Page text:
The offseason has been in Houston now for quite some time. The Rockets fell to the Thunder who in turn was eventually toppled by the Grizzlies. At the very least I gain some sort of sick satisfaction that the Knicks were knocked out by the Pacers. I'm back from my hiatus and I think you guys deserve some new content (Not two week old pieces I wrote, not 2 year old recycled stories that the sports world still demands you read because you're living under a rock or have retrograde amnesia). Let's get the ball rolling with evaluations of the Rockets. Player and personnel report cards. Through this series you'll gain insight into the sheer amount of outrage I have over the Executive and Coach of the Year voting and an appraisal of the players on the roster.
I won't immediately jump into the volatile review of Jeremy Lin. Let's start with a point that we can all agree on, high five each other over, and appreciate; James "The Beard" Harden. James came to the Houston Rockets in his third season after being drafted third overall in 2009 much to the joy of one of TDS's favorites AK2themax. Harden enjoyed the role of bench player who isn't really much of a bench player for the Thunder. He was widely praised for catalyzing the Thunder's run to the NBA Finals and then widely maligned for disappearing against the Heat. He was due a rather large pay raise heading into this offseason and Sam Presti was faced with a decision: Pay Harden or pay Ibaka, not both. On the eve of my birthday, October 27, 2012 the Houston Rockets acquired James Harden for previous NBA superstar Kevin Martin and Jeremy Lamb (Moved clearly to reduce Jeremy/initial based confusion on the team).
James averaged 25.9 points/5.8 assists/4.9 rebounts/3.8 turnovers per game. These numbers are indicative of a superstar if I've seen one and James proved as much.
Let's peek a little further behind this curtain to see what made this so impressive, though. James Harden's usage shot up to 29% while is true shooting percentage only dropped by six one hundredths of a point (60%). What that means is James managed to become (essentially) thirty percent of a team's entire offense while still converting his possessions at a high rate. James did record a turnover percentage of 15%, however which translates to 15 turnovers per 100 plays. James accounted for 12.8 in win shares while bumping his minutes up to 38 minutes a game.
Scoring. Clearly. No one will have to endeavor to explain that to you. Harden showed some streakiness throughout the year settling on some jump shots and some dreadful step backs but for all the knit picking to hammer him on that, he certainly delivered despite those issues. Harden showed a complete scorer's toolkit with his ability to slash to the basket, hit the long-range jumper, and draw the foul. He's one of the few players on the team with an elite skill set in a particular area. There's no room for improvement here, he gets a strong grade here.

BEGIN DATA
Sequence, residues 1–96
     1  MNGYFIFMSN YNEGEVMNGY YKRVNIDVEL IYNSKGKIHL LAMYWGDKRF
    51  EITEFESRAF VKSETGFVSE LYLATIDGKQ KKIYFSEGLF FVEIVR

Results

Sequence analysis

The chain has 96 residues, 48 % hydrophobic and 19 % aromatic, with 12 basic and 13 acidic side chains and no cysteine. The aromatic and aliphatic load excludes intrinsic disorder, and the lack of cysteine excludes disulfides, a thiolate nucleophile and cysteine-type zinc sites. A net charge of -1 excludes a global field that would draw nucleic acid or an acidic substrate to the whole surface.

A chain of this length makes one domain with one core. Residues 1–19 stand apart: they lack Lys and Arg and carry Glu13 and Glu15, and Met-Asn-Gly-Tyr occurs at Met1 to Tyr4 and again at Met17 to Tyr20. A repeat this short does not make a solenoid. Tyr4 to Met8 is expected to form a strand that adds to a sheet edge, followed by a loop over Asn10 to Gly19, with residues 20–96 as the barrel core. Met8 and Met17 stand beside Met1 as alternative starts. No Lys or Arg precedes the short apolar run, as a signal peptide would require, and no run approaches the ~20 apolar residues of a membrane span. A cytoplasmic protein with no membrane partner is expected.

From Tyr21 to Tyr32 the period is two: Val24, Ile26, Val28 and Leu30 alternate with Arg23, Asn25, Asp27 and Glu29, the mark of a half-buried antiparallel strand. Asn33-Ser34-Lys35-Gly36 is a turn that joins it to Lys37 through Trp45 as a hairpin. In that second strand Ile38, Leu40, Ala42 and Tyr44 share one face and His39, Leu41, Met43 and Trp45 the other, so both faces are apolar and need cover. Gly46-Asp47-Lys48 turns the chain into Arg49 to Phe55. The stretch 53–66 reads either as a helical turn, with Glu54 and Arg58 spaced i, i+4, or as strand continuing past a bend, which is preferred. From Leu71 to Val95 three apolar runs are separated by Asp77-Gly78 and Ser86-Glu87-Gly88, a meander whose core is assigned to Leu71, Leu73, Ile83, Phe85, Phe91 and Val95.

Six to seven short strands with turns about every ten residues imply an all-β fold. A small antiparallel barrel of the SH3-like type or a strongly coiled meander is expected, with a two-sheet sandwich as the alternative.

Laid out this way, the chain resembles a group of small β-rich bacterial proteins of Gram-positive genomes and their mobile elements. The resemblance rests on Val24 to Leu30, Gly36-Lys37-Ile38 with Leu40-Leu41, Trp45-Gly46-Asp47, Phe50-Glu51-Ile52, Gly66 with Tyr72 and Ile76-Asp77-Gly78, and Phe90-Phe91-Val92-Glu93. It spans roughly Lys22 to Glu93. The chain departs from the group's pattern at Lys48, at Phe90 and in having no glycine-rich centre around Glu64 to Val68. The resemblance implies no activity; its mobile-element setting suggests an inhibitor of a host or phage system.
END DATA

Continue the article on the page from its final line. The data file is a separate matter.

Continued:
Defense. I won't go so far as to call him a sieve but I will certainly look at his 106 defensive rating (Points allowed per 100 possessions) both this season and on his career average are not as good as you could expect.
I will manufacture a bit of an excuse here for the simple fact that if James wasn't towing the offense so hard behind him I think you can pour more of yourself into defense. James certainly didn't make us forget about Kevin Martin defensively but he's got the kind of body that can bother other shooting guards. Funny enough James showed a lot of improvement when he was tasked with guarding opposing small forwards, which implies that Harden struggles with the speed of his peers. It's funny considering his offensive prowess that his reading and reaction of offensive players in order to defend them is that lacking.
I did have a runner up consideration here and it's going to prompt some discussion; fitting within the offense. Yes, the term "hero ball" is a pet peeve of mine ever since Dave made it a mainstay on this site because it's been an abused term. Yes, I know that the mentality exists and that there's some merit to the theory. I also happen to believe that when you've got a player ready to establish himself as the superstar to a team you learn to live with those headaches. But James showed a fair amount of trouble understanding that from time to time you have to facilitate or move the ball rather than put the weight of the world on your shoulders.
Turnovers. James doled the ball out to the opposing team nearly as much as he did to his own. Harden was a poster child for the risky skip pass since he came into the league and it didn't backfire nearly as much as it did this season. Unfortunately the revelation that throwing a basketball clear across the court to a player wasn't a high percentage pass was slow to come to our marquee player. The turnover issue was compounded by the fact that Harden was frequently stripped in the lane on drives where whistles were absent.
I don't know if it's that I'm cutting him slack for the role he occupies on the team or if he has so much extra credit stored up due to his offense that his grade comes out the way it does but he's clearly going to score high. James desperately needs to work on taking the ball to the hole stronger, passing up the skip pass, and feeling the rhythm of the offense if it's bogging down. In an ideal world James would have reliable offensive help to allow him to spend some time on defense and this offseason very well may make that happen.
Ultimately the atrocious turnovers, defense, and trouble finding a rhythm forced that A+ (If we're realistic we're talking A+++) for his offense gets dragged down to...
Enjoy talking in the comments, tweet at me at @QuestionablyBD, email questions or suggestions for future columns to TDSmailbag@gmail.com and potential employers, please assume that this isn't what I turned in on my CV.